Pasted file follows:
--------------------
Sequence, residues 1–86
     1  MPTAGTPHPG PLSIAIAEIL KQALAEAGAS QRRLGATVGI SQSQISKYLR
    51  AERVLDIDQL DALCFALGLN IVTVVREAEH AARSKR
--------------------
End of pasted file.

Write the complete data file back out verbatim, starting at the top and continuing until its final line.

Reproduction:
Sequence, residues 1–86
     1  MPTAGTPHPG PLSIAIAEIL KQALAEAGAS QRRLGATVGI SQSQISKYLR
    51  AERVLDIDQL DALCFALGLN IVTVVREAEH AARSKR